The farm employs sustainable agriculture techniques in six greenhouses to mimic the natural world of multi-layered polyculture.  The farm grows turmeric and gingers underground; melons, heirloom peppers and basil varieties at ground level; vining fruits such as tomatoes, passion fruit and lemon cucumbers at mid-level and fruit trees such as mango and papayas as canopy.  Cultivation techniques are steeped in regenerative agricultural practices, with a particular focus on repairing damaged soil through composting.

 

Objective 1. Technology monitoring, assessment, expansion, experimentation.

  1. Monitor installed ag technologies at WHF, add new ones, install & monitor at selected participant producer farms.
  2. Assess technology performance at Whiskey Hill Farms, continue or discontinue selected ones based on outcomes, report on progress and results.
  3. Deploy selected techniques, technologies and practices demonstrated at Whiskey Hill Farms at participating farms and collect and evaluate data from those operations.

 

Objective 2. Data wrangling & online platform operation

  1. Continue data collection & analysis to acquire a more robust database for assessing the impacts of agricultural technologies on crop productivity and farm revenues. Record the following data to quantify a number of comparative inputs and outputs in order to measure changes in resource use and productivity: (1) seeds, plants, nutrients, fertilizer & other inputs; (2) resource inputs in the form of water, precipitation, temperature, power (for pumps and fans), weather conditions, and other relevant parameters; (3) labor inputs in the form of hours worked on preparation, growing and harvesting; (4) outputs in the form of pounds of food produced; (5) sales in pounds and dollars of income. This will be repeated for multiple growing cycles, with attention to any changes and differences in environmental conditions during each year.
  2. Continue development of FoodHub platform.
  3. Collect and evaluate farmer use of internet platforms and apps, especially FoodHub Beta version.
  4. Conduct market research on crop planning, planting, harvesting, brokering, marketing, business and retail customers; develop an information pool to inform farmers of production plans; create a collaborative brokering arrangement to maximize farm revenues.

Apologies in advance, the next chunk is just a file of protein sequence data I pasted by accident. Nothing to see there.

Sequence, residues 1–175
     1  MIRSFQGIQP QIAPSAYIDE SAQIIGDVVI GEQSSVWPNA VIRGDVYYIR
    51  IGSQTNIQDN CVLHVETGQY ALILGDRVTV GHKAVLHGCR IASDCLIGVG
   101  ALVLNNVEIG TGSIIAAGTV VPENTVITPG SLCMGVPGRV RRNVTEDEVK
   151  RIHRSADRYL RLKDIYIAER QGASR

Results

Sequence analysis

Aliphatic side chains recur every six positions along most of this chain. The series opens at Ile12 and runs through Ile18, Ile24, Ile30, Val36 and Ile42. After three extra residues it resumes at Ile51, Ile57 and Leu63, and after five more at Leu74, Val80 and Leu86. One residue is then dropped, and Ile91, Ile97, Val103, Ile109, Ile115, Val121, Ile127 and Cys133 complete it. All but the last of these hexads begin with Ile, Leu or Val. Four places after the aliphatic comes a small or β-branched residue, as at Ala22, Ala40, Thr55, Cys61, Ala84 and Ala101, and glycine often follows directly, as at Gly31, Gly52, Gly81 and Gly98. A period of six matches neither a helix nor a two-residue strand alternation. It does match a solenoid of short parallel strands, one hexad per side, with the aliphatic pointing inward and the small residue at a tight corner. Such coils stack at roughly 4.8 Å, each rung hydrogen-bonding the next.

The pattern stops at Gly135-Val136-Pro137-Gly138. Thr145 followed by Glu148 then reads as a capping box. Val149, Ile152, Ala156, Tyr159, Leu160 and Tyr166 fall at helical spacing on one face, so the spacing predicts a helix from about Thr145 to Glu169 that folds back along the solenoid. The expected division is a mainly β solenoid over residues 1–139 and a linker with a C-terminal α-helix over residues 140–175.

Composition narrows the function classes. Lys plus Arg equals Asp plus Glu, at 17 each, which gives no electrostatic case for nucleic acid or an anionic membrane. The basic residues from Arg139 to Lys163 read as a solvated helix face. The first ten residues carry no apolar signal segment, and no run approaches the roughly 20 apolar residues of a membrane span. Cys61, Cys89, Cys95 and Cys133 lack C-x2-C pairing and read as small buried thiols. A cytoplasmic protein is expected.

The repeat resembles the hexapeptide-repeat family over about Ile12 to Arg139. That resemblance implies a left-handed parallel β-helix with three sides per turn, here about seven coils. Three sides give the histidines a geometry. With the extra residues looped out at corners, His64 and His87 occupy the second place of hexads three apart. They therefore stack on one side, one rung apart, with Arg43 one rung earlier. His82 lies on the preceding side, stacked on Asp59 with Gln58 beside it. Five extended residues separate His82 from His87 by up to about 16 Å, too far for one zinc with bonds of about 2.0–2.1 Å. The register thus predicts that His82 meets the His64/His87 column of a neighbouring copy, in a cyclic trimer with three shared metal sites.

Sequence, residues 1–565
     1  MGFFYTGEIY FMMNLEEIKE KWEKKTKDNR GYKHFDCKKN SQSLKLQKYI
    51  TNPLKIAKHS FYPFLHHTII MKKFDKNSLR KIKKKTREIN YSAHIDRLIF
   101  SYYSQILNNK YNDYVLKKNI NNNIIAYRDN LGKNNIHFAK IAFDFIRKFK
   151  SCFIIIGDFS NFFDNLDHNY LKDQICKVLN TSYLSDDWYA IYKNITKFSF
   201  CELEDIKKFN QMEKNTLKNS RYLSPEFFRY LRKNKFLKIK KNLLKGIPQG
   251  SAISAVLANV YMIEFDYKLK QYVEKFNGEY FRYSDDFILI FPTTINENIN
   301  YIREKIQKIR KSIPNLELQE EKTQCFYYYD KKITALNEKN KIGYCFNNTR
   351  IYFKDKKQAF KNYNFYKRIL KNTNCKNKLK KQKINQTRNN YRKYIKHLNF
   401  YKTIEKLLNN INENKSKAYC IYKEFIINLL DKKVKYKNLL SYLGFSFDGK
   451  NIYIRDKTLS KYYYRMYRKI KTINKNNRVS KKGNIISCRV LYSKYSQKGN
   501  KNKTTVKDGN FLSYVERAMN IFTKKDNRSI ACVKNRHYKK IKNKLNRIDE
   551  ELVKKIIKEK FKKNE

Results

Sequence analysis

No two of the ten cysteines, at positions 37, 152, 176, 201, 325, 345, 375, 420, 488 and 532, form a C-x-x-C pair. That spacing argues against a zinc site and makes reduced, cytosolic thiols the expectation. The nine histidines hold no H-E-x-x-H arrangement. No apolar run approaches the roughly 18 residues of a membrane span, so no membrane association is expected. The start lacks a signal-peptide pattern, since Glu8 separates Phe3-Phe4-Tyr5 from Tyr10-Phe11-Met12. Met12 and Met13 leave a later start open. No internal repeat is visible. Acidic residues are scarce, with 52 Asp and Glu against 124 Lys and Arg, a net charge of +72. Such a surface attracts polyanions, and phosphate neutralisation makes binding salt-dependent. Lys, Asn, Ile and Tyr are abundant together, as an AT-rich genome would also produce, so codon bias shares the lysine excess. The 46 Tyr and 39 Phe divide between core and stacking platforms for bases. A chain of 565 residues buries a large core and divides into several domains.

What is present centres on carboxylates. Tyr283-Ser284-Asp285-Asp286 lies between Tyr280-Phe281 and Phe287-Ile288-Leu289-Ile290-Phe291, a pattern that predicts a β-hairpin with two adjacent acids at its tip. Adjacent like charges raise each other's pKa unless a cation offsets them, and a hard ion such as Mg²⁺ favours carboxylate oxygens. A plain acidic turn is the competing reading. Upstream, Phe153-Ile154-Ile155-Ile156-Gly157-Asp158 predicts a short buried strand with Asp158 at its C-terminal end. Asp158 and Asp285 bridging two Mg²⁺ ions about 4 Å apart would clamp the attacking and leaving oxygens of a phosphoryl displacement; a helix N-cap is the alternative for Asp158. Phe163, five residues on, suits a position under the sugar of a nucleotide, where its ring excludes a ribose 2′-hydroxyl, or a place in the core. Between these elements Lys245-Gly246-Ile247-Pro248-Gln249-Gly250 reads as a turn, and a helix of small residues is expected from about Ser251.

Objective 3. Develop Practice Gardens to experiment with technologies & techniques management.

  1. Create research plots in a Whiskey Hill greenhouse and to allow workshop, summer school participants and high school students to design, plant grow and harvest on polyculture basis, experiment with installation and operation of the small-scale technologies and farming, apply farm management methods (planning, planting, accounting, marketing).
  2. Build and experiment with small hoop houses (high tunnels) as an alternative to greenhouses.
  3. Plant, experiment with and market culturally-desired foods (e.g., for Mexican, Chinese, Indian and other groups).
  4.  Collect data on operation & production of technologies on small plots & evaluate results.
  5. Document and create reports and videos on their activities.

Education Plan (30% of review criteria)

Educational Goals: To teach and train current, new and aspiring farmers in the theory, operation and maintenance of small farms, technologies and techniques to increase productivity, develop a more extensive instructional curriculum, document visually operation, maintenance and outcomes, prepare and present project and results to other farmers (especially Latinx farmers), educational institutions and the public, with a particular goal of expanding the skill set of small farmers and creating interest in small-scale farming.

Target audiences: Operators & employees of small farms and gardens (for profit and non-profit), new and aspiring farmers, high school and college students in agricultural programs, agricultural professionals and the general public.

The primary education site is Whiskey Hill Farms (which has appropriate instructional spaces). Educational activities will take place through training and workshops, fieldwork and experiential learning, open house days, documentation and dissemination of activities and results in printed and visual media and outreach to minority farmers in the region through Spanish-language activities.  Spanish language translation will be provided at all educational activities.

 

Objective 1. Outreach to farmer and student participants.